So then, I think you can see why the Holy Father is so concerned that all of us bishops address what he calls “the crisis of the lack of the sense of sin” (n. 3). Unless we recognize that rebellion against the will of God is the root cause of all disorder – in my life and in the life of our communities and society – we cannot begin to reach out for the only real remedy for these ills: the mercy of Christ and that new capacity for love that is His grace.

One very significant way this “lack of the sense of sin” shows up for me is in the view that tries to understand the Church apart from seeing that Christ established her as the means to bring us back into communion with God through deliverance from our sins. Anyone who tries to comprehend the Church without a set of categories in which “sin” and “repentance,” “reconciliation” and “holiness” stand at the top of the list will have a skewed sense of what we are about. Among such distorted views are those that look to the Church first of all as a helpful support for sound values or as a reinforcement of uplifting experiences or as a force for improving the lot of the human family. True, belonging to the Church helps in all those areas, but she exists principally as Christ’s instrument to transform us from sinners into saints. For Christ’s disciples, the first priority all day of every day is repentance and renewal in the Holy Spirit.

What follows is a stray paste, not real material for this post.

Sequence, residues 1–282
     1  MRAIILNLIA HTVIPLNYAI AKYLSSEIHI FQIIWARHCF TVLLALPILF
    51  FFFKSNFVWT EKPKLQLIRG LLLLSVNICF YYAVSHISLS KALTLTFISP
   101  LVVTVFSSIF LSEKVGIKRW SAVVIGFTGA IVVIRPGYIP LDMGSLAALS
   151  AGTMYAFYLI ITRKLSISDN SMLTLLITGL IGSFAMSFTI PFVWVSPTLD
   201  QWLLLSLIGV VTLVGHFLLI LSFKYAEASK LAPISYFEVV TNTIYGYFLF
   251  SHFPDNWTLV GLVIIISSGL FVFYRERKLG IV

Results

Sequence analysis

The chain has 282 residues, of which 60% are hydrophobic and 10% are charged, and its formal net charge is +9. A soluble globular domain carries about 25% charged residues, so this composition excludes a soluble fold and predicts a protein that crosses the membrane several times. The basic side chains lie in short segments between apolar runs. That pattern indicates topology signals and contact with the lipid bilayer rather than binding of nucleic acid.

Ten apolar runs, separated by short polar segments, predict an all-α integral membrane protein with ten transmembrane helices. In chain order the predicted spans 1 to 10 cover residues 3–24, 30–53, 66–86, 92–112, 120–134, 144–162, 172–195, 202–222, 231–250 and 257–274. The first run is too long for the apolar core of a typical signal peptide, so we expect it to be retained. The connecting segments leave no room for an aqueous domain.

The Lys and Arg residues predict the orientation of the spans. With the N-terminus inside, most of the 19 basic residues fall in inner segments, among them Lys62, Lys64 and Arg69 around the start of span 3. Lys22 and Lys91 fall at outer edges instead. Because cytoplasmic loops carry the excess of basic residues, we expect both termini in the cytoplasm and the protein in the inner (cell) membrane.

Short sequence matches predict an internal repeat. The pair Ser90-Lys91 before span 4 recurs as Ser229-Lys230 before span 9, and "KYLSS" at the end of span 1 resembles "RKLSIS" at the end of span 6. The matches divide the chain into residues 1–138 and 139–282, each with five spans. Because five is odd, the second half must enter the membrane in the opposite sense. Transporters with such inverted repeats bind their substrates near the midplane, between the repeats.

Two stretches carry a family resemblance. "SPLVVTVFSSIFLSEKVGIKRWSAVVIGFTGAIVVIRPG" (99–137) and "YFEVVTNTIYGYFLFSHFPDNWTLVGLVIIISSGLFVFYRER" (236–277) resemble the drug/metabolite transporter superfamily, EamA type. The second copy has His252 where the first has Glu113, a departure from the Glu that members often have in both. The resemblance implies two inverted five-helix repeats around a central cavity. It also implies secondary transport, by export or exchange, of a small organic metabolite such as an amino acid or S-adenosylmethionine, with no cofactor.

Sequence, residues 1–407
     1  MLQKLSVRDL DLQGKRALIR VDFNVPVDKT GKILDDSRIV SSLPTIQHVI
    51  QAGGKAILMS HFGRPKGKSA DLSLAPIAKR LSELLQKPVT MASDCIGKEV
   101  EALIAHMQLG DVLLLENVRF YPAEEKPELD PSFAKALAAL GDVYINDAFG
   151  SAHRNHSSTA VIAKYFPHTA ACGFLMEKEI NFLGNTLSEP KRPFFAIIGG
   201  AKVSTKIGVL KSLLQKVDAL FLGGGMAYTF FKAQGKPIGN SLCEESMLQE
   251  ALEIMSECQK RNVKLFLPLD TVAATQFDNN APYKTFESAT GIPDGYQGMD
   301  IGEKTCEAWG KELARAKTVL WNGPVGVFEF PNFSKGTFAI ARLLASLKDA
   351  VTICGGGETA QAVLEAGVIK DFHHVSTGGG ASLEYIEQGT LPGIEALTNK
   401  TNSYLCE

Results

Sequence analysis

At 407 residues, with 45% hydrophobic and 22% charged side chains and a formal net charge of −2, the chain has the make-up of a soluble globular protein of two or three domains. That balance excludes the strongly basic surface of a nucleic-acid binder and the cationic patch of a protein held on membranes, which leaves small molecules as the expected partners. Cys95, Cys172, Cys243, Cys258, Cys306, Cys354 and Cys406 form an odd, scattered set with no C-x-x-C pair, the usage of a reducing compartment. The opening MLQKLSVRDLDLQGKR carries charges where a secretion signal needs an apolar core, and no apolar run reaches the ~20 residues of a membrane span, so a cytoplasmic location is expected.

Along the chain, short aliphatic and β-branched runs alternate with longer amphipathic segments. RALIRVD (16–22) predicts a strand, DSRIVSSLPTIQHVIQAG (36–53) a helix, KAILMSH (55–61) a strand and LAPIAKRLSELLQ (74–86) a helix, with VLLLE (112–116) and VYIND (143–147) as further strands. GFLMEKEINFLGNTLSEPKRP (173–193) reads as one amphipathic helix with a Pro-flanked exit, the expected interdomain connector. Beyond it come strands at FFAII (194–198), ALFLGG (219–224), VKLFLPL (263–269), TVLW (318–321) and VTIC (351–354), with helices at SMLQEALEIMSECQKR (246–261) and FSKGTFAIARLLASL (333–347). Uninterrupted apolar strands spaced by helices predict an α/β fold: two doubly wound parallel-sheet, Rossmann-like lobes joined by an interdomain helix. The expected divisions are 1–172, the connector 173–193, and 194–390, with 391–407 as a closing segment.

One of the most powerful parts of the Holy Father’s address for me is his reminder that my service as a bishop in the Church must be “marked by [my own] personal quest for holiness” (n. 2). That is, I cannot help you pass from sin to holiness unless I am totally committed to making that same journey. In connection with this affirmation, the Pope admonishes us bishops to avoid shaping our ministry according to secular models or thinking about being a bishop as a career. In other words, if repentance is not the highest priority in my life, I will get mixed up about the priorities according to which I should set the direction for our diocese.